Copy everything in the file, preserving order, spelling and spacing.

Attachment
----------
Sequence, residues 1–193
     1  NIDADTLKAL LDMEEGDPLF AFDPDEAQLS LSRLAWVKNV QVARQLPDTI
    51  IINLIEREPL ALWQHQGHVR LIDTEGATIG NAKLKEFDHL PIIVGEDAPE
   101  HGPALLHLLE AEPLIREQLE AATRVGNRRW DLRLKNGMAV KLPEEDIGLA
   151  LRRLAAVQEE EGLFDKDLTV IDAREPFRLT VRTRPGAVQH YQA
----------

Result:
Sequence, residues 1–193
     1  NIDADTLKAL LDMEEGDPLF AFDPDEAQLS LSRLAWVKNV QVARQLPDTI
    51  IINLIEREPL ALWQHQGHVR LIDTEGATIG NAKLKEFDHL PIIVGEDAPE
   101  HGPALLHLLE AEPLIREQLE AATRVGNRRW DLRLKNGMAV KLPEEDIGLA
   151  LRRLAAVQEE EGLFDKDLTV IDAREPFRLT VRTRPGAVQH YQA